Using SSH is relatively straightforward and pretty easy. Simply enter something like the following into Terminal:
If you don’t already utilize security keys, you’ll be prompted for the password associated with the user that you’re trying to login as. Voila, you’re in and commanding a computer/server remotely.
Despite this simplicity, if you need to access multiple computers/servers and those computers/servers don’t have nice, easy-to-remember domain names, then you’re left with the task of remembering IP addresses for all the different computers/servers. Of course, you can write these down somewhere for future reference, but it would be much nicer if SSH could remember this info for you. As it turns out, SSH can store that info for you! All you have to do is create a config file with the necessary info.
First, on your client computer (i.e. the computer you’ll be using to connect to the remote computer/server), use Terminal to change to the hidden SSH directory:
This can also be done via the graphical user interface (GUI) of your computer, if it’s easier. You’ll just have to enable viewing of hidden files/folders. To do so, while you are in a file browser window, go to the “Edit” menu at the top of your screen, select “Preferences” and then check to box to “Show hidden and backup files.” Now you’ll be able to see the “.ssh” folder.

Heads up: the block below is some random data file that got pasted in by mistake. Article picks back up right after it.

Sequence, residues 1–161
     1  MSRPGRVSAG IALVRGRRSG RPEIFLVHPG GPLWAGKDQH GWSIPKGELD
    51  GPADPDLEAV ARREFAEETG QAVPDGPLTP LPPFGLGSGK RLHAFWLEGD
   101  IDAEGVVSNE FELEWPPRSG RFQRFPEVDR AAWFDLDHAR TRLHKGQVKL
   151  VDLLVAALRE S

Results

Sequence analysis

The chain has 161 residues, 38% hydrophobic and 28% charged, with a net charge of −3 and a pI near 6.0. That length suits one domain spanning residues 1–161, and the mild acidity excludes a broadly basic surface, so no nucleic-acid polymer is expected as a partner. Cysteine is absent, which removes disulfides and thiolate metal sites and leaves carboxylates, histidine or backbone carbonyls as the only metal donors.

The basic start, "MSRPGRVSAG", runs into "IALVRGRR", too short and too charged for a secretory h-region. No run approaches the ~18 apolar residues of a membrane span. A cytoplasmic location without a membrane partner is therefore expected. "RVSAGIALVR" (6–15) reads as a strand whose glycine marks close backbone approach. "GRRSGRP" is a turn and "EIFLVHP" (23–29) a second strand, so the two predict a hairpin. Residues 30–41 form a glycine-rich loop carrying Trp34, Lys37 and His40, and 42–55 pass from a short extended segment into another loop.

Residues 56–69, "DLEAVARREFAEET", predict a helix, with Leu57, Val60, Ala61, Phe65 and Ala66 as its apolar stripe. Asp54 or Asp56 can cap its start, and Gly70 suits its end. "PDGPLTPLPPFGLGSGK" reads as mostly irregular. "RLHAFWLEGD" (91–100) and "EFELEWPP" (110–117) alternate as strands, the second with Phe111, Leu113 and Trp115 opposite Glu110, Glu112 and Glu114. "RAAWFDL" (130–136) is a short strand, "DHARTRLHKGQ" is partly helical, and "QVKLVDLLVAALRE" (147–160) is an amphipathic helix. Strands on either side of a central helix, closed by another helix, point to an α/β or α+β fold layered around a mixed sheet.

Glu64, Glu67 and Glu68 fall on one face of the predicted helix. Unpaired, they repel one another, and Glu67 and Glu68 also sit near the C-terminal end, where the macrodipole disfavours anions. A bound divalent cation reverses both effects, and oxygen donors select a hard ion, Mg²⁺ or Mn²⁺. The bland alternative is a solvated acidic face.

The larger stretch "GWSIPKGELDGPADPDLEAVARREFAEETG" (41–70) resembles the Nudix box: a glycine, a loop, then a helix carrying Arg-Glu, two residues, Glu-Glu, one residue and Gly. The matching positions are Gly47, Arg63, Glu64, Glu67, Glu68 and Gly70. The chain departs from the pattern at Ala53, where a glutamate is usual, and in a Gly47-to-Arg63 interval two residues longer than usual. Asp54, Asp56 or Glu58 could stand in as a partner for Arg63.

Once there, create a file called “config”. You can do this in a variety of ways. I’ve used the “touch” command in Terminal:
Now, we need to add the needed text to this config file. I’ve just used a graphical text editor (gedit) by entering the following in Terminal:
$gksudo gedit config
In the file, I’ve entered the minimally necessary info to accomplish what I want (which is to be able to connect to remote computers/servers without remembering long IP addresses or domain names). For each remote computer/server that you’ll connect to, you’ll have the following text in the config file:
Now, just save this config file and you’re done! Here’s an example of what the config file might look like with actual info:
Now, when I decide to use SSH to login to the server located at address 192.168.1.1, all I have to enter into Terminal is this:
Additionally, you can append additional entries to this file for each server that you connect to.
Oh, and as for the other info in the config file, I’m not fully certain what they all do (the info for this was provided by a computer guru who works with our lab):
ControlMaster – Don’t know
SererAliveInterval 30 – This is for keeping the connection alive.
ServerAliveCountMax – This is for keeping the connection alive.
Of course, you still have to remember the “pet names” that you give to your servers, but it’s much easier to remember English words that it is to remember a series of digits associated with a particular server.